Giant ‘ghostly’ jelly was photographed at a depth of 3,200 feet in Monterey Bay, Off the coast of California.
Shots were taken by Monterey Bay Aquarium Research Institute (MBARI) Scientists using a remotely operated vehicle (ROV). This is one of only nine times a giant ghostly jelly, Stygiomedusa gigantea, observed by MBARI.
The 53-second long clip shows brown jelly floating around the bay, arms behind him as he moves away.
“The bell of this deep-sea resident is more than one meter long [3.3 feet] Via four ribbon-like arms (or mouth) they can reach more than 10 meters in length,” said a statement from MBAIR.
“Giant ghost jelly was first collected in 1899. Since then, scientists have only encountered this animal about 100 times. It appears to be spread all over the world and has been recorded in all ocean basins except the Arctic. Challenges of getting to its depths – habitat contributes Aquatic species are in relative scarcity to see such a large and widely distributed species.”
The giant phantom jelly is believed to be one of the largest invertebrate predators in the deep ocean BBC Reported after seeing off the coast of Mexico in 2010.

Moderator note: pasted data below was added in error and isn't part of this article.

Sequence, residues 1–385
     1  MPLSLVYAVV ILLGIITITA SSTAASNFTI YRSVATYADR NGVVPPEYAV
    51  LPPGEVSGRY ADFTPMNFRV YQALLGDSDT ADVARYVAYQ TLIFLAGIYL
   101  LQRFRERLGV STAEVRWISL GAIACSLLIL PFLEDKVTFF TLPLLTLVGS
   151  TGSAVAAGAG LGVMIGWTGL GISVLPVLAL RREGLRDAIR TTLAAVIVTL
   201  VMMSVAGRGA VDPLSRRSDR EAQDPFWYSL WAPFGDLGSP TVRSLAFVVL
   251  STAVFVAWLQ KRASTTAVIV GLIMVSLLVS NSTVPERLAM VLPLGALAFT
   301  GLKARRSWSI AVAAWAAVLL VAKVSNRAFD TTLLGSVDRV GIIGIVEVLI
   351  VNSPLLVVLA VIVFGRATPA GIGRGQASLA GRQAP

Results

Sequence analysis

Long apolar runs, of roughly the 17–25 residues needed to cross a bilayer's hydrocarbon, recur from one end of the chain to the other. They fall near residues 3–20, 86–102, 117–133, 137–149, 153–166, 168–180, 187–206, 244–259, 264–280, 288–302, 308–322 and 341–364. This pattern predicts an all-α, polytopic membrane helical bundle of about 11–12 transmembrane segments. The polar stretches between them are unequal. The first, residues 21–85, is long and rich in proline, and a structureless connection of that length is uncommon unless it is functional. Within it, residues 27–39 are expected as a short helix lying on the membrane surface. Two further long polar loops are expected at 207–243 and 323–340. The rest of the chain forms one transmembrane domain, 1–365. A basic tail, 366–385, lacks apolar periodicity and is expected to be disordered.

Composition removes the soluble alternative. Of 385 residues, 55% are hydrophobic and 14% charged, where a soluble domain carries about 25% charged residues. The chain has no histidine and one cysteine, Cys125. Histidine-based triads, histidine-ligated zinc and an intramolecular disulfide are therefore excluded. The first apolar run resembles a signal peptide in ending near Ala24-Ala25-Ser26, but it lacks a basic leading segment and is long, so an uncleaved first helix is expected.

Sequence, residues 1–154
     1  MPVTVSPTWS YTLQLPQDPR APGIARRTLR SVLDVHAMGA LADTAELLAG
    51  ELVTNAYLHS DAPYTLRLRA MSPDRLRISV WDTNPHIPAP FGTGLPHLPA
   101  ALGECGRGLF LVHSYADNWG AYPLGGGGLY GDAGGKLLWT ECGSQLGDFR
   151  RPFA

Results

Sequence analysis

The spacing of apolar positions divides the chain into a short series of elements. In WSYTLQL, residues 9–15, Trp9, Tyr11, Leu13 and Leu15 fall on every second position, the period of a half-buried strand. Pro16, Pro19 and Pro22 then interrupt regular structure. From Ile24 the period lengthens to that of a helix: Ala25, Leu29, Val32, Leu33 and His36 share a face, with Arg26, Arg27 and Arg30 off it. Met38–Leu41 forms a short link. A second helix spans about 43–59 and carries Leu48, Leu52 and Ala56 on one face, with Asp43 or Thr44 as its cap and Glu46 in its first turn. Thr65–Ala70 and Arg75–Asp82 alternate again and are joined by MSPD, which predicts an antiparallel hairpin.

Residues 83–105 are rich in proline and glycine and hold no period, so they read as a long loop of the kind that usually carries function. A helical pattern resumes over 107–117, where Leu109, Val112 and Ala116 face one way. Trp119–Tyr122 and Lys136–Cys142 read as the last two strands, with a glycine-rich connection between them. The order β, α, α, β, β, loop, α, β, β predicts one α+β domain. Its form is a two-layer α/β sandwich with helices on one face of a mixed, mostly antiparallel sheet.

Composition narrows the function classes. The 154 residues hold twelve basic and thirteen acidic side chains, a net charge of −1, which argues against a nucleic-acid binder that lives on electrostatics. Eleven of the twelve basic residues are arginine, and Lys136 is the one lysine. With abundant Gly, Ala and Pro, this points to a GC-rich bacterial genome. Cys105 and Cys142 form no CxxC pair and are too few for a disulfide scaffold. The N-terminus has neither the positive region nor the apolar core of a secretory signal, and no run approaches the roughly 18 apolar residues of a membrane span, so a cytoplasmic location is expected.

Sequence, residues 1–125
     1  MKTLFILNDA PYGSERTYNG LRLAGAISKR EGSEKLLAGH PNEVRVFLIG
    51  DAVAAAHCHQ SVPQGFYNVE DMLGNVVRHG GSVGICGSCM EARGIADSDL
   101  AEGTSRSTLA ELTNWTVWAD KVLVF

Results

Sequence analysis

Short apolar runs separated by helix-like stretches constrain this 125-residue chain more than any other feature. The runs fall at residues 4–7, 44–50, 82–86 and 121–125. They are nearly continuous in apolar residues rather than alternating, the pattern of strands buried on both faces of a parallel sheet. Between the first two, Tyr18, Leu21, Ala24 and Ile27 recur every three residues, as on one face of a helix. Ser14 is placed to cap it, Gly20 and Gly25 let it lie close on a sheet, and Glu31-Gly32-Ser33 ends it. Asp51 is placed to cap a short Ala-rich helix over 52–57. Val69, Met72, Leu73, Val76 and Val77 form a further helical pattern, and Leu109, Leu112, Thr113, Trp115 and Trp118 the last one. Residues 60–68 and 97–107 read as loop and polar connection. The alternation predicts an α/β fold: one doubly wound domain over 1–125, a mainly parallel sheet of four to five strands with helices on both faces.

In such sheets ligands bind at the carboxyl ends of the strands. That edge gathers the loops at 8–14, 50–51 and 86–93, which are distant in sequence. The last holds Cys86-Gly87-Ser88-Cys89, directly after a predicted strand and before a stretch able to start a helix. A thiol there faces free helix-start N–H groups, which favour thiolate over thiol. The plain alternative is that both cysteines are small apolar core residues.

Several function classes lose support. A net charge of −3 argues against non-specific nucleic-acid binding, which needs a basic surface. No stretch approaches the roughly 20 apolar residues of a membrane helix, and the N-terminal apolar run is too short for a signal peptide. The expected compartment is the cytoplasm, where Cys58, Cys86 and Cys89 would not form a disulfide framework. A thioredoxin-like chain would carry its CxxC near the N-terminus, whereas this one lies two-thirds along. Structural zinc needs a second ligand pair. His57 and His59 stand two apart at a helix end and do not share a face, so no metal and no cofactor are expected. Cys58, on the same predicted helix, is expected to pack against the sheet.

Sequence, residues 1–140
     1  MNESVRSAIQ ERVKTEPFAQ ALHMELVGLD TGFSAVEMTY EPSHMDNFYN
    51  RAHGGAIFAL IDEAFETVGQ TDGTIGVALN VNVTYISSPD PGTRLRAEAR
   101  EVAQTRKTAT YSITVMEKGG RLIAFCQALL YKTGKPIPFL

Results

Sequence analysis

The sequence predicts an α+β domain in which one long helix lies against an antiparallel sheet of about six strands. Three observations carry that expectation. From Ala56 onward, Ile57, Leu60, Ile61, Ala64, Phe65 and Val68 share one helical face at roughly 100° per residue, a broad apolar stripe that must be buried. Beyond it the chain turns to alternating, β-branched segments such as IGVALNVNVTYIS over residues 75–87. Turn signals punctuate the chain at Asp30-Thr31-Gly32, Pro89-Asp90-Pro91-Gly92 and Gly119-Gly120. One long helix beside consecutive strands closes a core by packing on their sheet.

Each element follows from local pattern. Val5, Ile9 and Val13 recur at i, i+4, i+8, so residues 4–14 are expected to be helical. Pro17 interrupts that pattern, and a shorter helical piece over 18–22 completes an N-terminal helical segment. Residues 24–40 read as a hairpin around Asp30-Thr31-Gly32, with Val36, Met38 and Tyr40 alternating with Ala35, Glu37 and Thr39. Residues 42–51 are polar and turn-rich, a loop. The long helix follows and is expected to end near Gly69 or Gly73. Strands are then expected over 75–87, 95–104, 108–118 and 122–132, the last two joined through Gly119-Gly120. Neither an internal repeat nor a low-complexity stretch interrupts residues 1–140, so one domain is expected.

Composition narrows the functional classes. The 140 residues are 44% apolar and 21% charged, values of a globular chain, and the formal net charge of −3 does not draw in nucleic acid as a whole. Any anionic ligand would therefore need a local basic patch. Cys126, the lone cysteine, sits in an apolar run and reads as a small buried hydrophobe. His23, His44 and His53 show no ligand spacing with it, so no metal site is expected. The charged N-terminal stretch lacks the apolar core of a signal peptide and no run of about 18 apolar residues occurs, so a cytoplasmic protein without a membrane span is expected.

More footage surfaced in 2015, with images of a giant ghost jelly in the Gulf of Mexico.
Before ROVs were widely used, scientists relied on trawls to find and study deep-sea species. “These nets can be effective for studying robust animals such as fish, crustaceans and squid, but the jelly turns into a gel in trawl nets,” MBAIR said.
“Cameras on MBARI’s ROVs have allowed MBARI researchers to study these animals intact in their natural habitat. The high-resolution — and now 4K — video of the giant ghostly jelly captures incredible details about the animal’s appearance and behavior that scientists have not been able to see with a netted specimen traction.”
Jellyfish is one of the creatures that are able to survive in the amazing depths of the ocean. In 2016, researchers found a type of glowing jellyfish Living near the Mariana TrenchIts bottom is the deepest known point in all of the Earth’s oceans. This jellyfish, informally named Enigma Seamount, was photographed at an altitude of 3,700 meters (12,100 feet).
The largest known jellyfish is the lion’s mane jellyfish, Cyanea capillata, which has tentacles that can extend up to 120 feet.